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An occupier is not defined in either Act but the case of WHEAT v E LACON & CO suggests it is
somebody with control and HARRIS v BIRKENHEAD CORPORATION decided D does not need physical
possession and the key test is control.
A visitor under S1(2) is all invitees and licensees for example friends and customers. S5(1) is those
with a contractual agreement for example a window cleaner. S2(b) is those with legal rights for
example a policeman. With implied permission they will be a visitor until the reasonable packing up
time has expired (ROBSON v HALLETT). Using a right of way does not make you a visitor (MCGEOWN
v N IRELAND HOUSING EXEC). You can be on premises as a lawful visitor but if you exceed the terms
of the license you can then become a trespasser (TOMLINSON v CONGLETON BC). If the need of a
rescue is foreseeable then the occupier will owe a duty to the rescuer (BAKER v HOPKINS).
According to S1(3) premises is any fixed or moveable structure including vessel vehicle and aircraft.
Under S2(1) the duty an occupier owes to lawful visitors is the "common duty of care" from
DONOGHUE. S2(2) says the standard of duty is the visitor must be reasonable safe for the purposes
of their visit. In MURPHY v BRADFORD METROPOLITAN COUNCIL the D was liable as they should have
done more to defend against such an obvious risk of slipping on ice and in CUNNINGHAM v READING
FC the visitor needs to be safe, some areas may be dangerous as long as the visitor is made safe by
S2 (3) (a) says that the occupier must prepare for children to be less careful than adults. If an
allurement (for example berries) is foreseeable then D can be liable (GLASGOW CORPORATION v
TAYLOR) but LIDDLE v YORKSHIRE CC the d was not liable as the child had been warned several times
and so became a trespasser. The case of PHIPPS v ROCHESTER CORPORATION also held the D not
liable as the child should have been the parents' responsibility so although there is no fixed age an
occupier can assume that very young children should be supervised. In JOLLEY v SUTTON the boat was
an allurement and repairing it was a foreseeable response and so this illustrates the courts are more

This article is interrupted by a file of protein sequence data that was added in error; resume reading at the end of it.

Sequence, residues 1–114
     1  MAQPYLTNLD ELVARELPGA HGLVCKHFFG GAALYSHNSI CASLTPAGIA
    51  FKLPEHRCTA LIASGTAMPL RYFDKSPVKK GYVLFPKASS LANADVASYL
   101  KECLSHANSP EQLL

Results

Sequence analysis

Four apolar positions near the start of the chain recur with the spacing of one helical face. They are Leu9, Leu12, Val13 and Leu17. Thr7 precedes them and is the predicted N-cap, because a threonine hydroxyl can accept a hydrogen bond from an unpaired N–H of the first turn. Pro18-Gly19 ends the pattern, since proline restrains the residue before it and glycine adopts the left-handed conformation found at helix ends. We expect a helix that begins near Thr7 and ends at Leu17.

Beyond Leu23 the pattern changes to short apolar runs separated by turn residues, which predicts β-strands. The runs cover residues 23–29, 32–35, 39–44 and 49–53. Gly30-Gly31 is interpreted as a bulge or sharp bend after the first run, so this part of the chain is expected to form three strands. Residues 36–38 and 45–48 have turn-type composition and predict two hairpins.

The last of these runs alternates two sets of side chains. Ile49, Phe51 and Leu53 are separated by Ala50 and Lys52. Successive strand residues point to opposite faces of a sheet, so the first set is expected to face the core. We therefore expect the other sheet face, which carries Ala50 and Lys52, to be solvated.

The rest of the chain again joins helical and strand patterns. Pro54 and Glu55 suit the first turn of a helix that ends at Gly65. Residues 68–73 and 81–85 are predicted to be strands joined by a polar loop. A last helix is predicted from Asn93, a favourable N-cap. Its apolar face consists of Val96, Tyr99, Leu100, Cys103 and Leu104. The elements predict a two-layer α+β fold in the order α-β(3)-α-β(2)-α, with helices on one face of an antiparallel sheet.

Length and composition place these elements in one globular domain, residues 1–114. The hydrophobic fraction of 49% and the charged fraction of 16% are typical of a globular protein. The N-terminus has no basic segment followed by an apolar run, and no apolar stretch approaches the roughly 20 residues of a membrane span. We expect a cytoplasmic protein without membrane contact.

open to what harm is foreseeable for children.
S2 (3) (b) says that the occupier can give less protection to common callers. This is shown in ROLES v
NATHAN where the chimney sweepers could not recover as they were exercising their profession
and although the C in OGWO v TAYLOR was doing his job the risk was not one he could guard against.
S2 (4) (a) says that if the visitor is warned of a danger by the occupier it can enable the visitor to be
reasonably safe. This is shown by ROLES v NATHAN as the warning discharged the duty. The case of
STAPLES v WEST DOREST DC held that there is no duty to warn of risks that are obvious to a
S2 (4) (b) says that is the visitor is damaged by faulty construction, maintenance or repair of an
independent contractor then the occupier will not be liable if they have acted reasonably in trusting
the work to them, taken steps to satisfy themselves that they are competent and that the work is
properly done. In BOTTOMLEY v TODMORDEN CRICKET CLUB the D1 was liable for not taking care to
select competent contractors D2. In HASELDINE v DAW the occupier was not liable as it could only
have been the fault of the mechanic working on the lift. In AMF INTERNATIONAL v MAGNET BOWLING
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Although it is not stated expressly it is clearly implied that in certain circumstances the occupier can
exclude their liability.
Under S2 (5) the defence of volenti can be applied as there will be no liability to a visitor if they
accept the risk with full knowledge and free will.…read more
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Differences between the two acts. 57 is for visitors and 84 for non-visitors. 57 the duty is the
common duty and 84 is narrower duty of humanity. 57 the standard is to make the visitor reasonably
safe and 84 is a lower standard. 57 allows property damage to be recovered and 84 does not. 57
allows liability to be removed because of an independent contractor and 84 does not allow this.…read more